The 3.0 version of Arena is available either as a portable or for full installation, which is quite straightforward. Either way, you're provided with a good selection of preinstalled engines to choose from: the installer just provides a couple more. And you can easily add any other Winboard and UCI engines you wish (including the ultra strong Houdini, open source Stockfish and any of the other freeware engines reviewed here or listed in Wikipedia). Engines can be configured individually: Arena's Help files provide details on ways to adjust their behaviour/strength. Linux users should also be able to get Arena up and running on Wine.
- Portable WinboardX + Deep Rybka 2.2 gives you a handy free portable software package containing Winboard (a well known chessboard GUI for Windows) coupled with three different chess engines of different levels. Rybka 2.2 remains one of the strongest available free chess engines, and it can be used for game analysis. You can also play against two lesser engines (Delfi 4.5 and Phalanx). Portable WinboardX + Deep Rybka 2.2 used to be one of Gizmo's main recommendations, but this free software package does not seem amenable to development. Still plenty to enjoy. [Portable, Windows only - apparently also works on Windows7; download size, 3.3 MB]
- Haundrix - a fun program with a nice assortment of engines (Crafty 23.0, GNU Chess 5.07.9b and Sjeng 11.2). Its sound effects may well appeal to children, for whom the lack of an undo button could—in some circumstances—be an advantage during actual play. Program development seems to have stopped at version 0.1.0... But Haundrix seems to work fine even on Windows 7. [Windows, Linux, including 64-bit]
- Fritz 5.32 is the free version of the commercial Fritz software and is considered a must play for chess lovers, because it allows you to sample one of the notoriously powerful Fritz engines, with its characteristically quirky tactical play (and you can also grab slightly more recent Fritz 6 engine). Unfortunately, Fritz 5.32 refuses to install on my Vista set up, maybe due to multicore processor issues. [Windows]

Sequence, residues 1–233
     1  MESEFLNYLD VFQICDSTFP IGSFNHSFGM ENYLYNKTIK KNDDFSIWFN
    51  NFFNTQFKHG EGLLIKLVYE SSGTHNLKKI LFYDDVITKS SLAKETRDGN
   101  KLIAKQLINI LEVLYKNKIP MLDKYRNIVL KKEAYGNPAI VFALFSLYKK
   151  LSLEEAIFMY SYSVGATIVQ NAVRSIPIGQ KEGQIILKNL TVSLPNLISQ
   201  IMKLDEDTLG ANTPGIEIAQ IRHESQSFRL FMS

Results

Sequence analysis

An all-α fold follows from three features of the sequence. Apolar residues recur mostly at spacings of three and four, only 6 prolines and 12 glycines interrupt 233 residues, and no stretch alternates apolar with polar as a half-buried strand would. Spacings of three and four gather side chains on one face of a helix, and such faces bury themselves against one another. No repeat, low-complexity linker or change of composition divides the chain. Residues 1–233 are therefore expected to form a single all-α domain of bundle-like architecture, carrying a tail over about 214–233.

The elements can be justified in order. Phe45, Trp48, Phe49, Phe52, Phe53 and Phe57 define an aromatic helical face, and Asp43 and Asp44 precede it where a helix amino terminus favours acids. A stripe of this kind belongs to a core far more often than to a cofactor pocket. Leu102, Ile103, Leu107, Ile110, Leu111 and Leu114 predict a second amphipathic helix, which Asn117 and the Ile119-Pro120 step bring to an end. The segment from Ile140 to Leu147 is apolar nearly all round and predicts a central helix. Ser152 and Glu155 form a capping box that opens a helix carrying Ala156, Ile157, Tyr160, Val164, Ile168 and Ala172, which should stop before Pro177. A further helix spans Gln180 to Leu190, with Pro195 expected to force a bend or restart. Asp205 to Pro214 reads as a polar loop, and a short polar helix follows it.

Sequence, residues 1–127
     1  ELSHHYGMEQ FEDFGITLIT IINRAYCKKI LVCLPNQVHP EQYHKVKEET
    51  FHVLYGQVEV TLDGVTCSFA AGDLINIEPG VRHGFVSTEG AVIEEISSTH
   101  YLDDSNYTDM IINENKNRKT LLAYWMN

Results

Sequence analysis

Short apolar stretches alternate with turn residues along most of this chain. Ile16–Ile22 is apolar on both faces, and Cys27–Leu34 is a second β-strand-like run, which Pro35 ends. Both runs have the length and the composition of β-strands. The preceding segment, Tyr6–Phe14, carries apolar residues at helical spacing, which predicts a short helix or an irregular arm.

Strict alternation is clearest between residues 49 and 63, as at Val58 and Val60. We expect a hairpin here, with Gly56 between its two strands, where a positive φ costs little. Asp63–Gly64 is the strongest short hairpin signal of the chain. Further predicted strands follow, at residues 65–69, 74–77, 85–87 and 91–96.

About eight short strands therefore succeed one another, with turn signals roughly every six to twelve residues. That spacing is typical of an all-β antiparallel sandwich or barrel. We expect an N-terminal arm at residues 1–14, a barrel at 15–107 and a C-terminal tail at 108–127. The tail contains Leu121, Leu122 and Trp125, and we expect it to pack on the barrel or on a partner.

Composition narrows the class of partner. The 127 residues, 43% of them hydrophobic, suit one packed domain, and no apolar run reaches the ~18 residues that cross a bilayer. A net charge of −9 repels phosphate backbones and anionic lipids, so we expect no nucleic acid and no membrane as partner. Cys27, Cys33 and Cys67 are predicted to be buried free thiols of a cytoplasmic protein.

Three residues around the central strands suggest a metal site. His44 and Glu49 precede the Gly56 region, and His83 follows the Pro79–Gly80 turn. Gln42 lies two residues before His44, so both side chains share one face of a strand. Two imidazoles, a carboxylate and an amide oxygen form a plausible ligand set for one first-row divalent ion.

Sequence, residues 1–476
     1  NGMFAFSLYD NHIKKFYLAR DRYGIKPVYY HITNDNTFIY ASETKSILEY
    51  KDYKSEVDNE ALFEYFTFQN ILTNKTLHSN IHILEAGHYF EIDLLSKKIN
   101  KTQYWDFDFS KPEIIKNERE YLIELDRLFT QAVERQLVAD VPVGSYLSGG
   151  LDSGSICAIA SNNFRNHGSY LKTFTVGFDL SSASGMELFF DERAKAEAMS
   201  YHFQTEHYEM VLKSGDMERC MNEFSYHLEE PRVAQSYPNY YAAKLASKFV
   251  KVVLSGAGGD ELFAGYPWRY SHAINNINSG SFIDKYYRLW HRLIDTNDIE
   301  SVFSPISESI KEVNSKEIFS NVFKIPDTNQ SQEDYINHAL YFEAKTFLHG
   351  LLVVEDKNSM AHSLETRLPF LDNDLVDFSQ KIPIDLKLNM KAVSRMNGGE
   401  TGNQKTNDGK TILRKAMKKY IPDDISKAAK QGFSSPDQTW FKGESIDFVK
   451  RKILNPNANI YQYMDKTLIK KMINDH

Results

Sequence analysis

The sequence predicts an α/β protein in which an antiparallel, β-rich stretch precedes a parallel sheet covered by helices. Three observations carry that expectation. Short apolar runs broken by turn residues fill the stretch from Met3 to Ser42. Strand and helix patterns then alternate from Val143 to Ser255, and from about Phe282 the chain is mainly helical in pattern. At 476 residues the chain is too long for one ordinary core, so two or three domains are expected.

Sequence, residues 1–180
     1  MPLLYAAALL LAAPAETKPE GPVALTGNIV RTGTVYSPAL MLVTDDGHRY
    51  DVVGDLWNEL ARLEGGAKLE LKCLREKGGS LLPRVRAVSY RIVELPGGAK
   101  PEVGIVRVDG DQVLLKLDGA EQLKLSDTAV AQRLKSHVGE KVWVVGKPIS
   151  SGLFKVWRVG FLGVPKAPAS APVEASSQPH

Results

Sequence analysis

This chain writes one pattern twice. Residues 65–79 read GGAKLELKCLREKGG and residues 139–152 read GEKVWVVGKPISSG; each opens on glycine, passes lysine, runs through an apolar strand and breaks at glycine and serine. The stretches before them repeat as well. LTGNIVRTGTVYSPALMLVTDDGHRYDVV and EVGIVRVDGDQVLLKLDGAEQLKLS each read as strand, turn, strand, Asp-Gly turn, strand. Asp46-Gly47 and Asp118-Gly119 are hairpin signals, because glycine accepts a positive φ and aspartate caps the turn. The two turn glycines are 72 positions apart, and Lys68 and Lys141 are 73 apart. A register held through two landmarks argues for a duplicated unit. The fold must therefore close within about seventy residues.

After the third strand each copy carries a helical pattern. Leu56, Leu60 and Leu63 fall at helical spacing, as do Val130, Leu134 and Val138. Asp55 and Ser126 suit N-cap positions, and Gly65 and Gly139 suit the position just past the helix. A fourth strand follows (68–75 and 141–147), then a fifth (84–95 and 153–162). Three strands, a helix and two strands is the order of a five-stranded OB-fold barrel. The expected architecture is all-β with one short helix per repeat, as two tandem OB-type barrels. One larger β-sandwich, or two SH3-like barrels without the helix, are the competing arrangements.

While several of the reviewed programs may work on Wine, PyChess provides an advanced chess client specifically coded for Linux, following the Gnome Human Interface Guidelines.
You can play against the GNU Chess engine or lots of other chess engines, such as the Crafty engine, which can be downloaded from here. You can also play Internet chess by connecting to the FICS servers.
With this program, games can be saved in the PGN, EPD and FEN chess file formats so that you can always return to continue with the games or analyze them.
PyChess also offers opening books and other useful features including undo moves, hint and spy modes, sound and animation effects.
Sigma has an excellent reputation with Mac users and the full version is now freeware. Sigma 6.2 comes with its own built-in engine which can be adjusted for strength. Alternatively, you can download (from here) Sigma 6.2 bundled with the free Lite version of the powerful HIARCS engine for Mac. You can also add in various Mac-compatible UCI Engines, including Fruit. Sigma accepts PGN/EPD databases and is compatible with the free ExaChess Lite database program for Macintosh. Appearance can be customized within the program and by adding 3rd party plug-ins; there's also an option for a "true perspective 3D board" (see the online manual). [Mac OS X 10.3 or later]
For the iPad or iPhone, try the free Stockfish app, which seems to play well in more ways than one.
- Gizmo's top pick free Android app is Chess (by jwtc)—reviewed here. This ad free app accepts .pgn files and now supports some UCI engines including Robbolito, Stockfish and Bikjump. For a dedicated Android chess database app, try Scid on the go.